Tuesday, 25 October 2016

The Kashmir issue - Let’s get the facts straight, by Kamran Siddiqui

The Kashmir issue is once again bringing Pakistan and India close to another armed conflict. The consequences of such conflict this time however, could be far more devastating for both countries than previous. The issue is alive for 68 years and there are still no signs of a peaceful settlement. While the public sentiments are high in both countries, the primary problem on Pakistan side is that these emotions are mostly built on biased history. Hence, it is critically important to get the facts straight because the recognition of factual grounds certainly help in looking at this problem from a rational perspective that will most likely help in reaching an appropriate solution. I have used a Q&A approach to elucidate the facts.
Question: Does Pakistan have a legal claim on the State of Kashmir?
Answer: No. Legally, the entire State of Kashmir is part of India. This right was awarded according to the Instrument of Accession signed by the Maharaja of Kashmir, Hari Singh, on October 26, 1947. Maharaja of Kashmir used his right as per Indian Independence Act 1947, which gave him authority of accede to either India or Pakistan. If the plebiscite is held in Kashmir and the decision is in Pakistan’s favor only then Pakistan has a legal claim on Kashmir.
Question: Did Maharaja of Kashmir made up his mind to join India at the time of partition?
Answer: No, the Maharaja of Kashmir had not reached a decision whether to join Pakistan or India by the time of partition and hence wanted to sign Standstill Agreements with both Pakistan and India i.e. buying more time to reach a decision. Pakistan agreed on the Standstill agreement while India invited a representative of Kashmiri government for negotiations. Instead of negotiating a better deal with Maharaja, the Pakistani government decided a military invasion of Kashmir. However, after the refusal from the British commander in chief as it violates the Indian Independence Act, Pakistani government covertly supported Pathan tribal militias to enter Kashmir and start fighting. Maharaja appealed to India to send troops but India declined this request since Kashmir was not part of India. Then Maharaja signed the Instrument of Accession to officially join India. India then sent its troops to fight tribal militias. Thus, the illegal intrusion by Pakistan forced Maharaja to reach a decision in favor of India.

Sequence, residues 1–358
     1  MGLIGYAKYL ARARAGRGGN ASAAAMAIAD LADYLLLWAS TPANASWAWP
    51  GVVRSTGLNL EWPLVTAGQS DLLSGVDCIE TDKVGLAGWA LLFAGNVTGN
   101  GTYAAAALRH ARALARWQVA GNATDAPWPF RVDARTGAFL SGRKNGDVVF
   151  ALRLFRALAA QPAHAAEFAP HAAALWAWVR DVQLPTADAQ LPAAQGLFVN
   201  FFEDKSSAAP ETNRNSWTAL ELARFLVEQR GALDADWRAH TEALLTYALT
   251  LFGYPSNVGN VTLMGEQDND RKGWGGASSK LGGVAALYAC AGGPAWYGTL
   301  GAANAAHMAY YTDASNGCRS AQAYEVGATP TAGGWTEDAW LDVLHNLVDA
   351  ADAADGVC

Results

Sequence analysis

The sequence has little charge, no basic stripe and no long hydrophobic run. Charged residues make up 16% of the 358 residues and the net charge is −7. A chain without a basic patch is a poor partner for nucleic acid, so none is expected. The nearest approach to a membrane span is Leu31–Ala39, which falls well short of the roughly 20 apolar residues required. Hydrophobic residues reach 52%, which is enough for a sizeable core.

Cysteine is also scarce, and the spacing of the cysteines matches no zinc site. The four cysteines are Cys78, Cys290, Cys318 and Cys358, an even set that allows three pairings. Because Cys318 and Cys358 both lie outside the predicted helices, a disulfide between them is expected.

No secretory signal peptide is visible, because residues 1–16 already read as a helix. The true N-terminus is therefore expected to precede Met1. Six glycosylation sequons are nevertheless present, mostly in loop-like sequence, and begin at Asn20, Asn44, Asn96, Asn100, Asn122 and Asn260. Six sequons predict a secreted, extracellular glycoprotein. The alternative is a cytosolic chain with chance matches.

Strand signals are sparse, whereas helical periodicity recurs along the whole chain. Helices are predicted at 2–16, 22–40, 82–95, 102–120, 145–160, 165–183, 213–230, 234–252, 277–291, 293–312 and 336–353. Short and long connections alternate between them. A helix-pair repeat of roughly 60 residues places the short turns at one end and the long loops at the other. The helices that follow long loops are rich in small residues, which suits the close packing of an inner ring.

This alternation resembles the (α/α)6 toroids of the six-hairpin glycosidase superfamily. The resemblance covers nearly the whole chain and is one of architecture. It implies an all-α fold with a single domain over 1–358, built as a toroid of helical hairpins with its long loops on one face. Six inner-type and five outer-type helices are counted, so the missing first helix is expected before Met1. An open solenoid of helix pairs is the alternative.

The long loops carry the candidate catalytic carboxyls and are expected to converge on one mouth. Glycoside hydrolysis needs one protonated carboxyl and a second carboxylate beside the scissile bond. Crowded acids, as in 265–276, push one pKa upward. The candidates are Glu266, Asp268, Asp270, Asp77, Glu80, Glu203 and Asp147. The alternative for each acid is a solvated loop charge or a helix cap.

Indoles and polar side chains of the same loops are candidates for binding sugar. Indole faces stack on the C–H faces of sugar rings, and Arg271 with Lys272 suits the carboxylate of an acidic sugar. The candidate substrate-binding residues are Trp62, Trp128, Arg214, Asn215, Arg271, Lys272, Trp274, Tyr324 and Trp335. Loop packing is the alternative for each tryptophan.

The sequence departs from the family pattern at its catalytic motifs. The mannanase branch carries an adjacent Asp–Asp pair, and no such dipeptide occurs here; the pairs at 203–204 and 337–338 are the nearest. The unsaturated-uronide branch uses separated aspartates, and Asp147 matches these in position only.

Question: Why Pakistan not able to force India to conduct plebiscite in Kashmir as per UN Security Council resolution of April 21, 1948?
Answer: Because Pakistan itself has not demonstrated its sincerity to act according to this UN resolution. Unfortunately, those Pakistanis who strongly belief that UN resolution must be enforced most likely have not read the content of the resolution. The first action item of this resolution is the withdrawal of Pakistani troops and militias from Kashmir. It other words, the primary requirement to arrange plebiscite is the withdrawal of Pakistani forces/militias from the entire Kashmir valley under Pakistani control including Gilgit and Bultistan. India was allowed to keep its forces in the entire Kashmir state but in reduced numbers primarily to maintain the law and order. Has Pakistan ever showed its willingness to fulfill condition on its part, over the last 67 years? When Pakistan never fulfilled the first condition, how can it force India to fulfill the plebiscite condition (seventh action item in the resolution)?  
Despite its weak legal position, Pakistan had some grounds to make its case for Kashmir. One argument was based on Pakistan’s ideological claim that it was created for Indian Muslims and comprised of all Muslim majority provinces in India. Since Kashmir is also a Muslim majority state, it naturally belongs to Pakistan. While this argument had logical basis, Pakistan had lost this argument after the separation of East Pakistan. The other argument was based on Pakistan’s dependency on water resources from Kashmir for its economic survival. However, history has witnessed that over last 68 years, the economy of Pakistan was not hampered due to the Indian control on these resources, along with the strained relations with India. This leads to a logical conclusion that as long as Pakistan gets its due share of water resources as per Indus water treaty, it can survive without Kashmir.
As the above facts and arguments show, at present the position of Pakistan on Kashmir issue is much weaker than what Pakistani people think. Therefore, it is time for the people of Pakistan to take these facts into consideration and think realistically whether it is wise for their country to put everything on stake for this issue and continue pouring a big portion of its financial resources via defense budget, which otherwise can be spent on their well being. It might be much better for both countries to make the line of control the permanent international border and ease the movement of Kashmiri people across it, improve bilateral relations, reduce defense spending and strengthen the economic cooperation.   
Kamran Siddiqui is a Professor at the University of Western Ontario in Canada.

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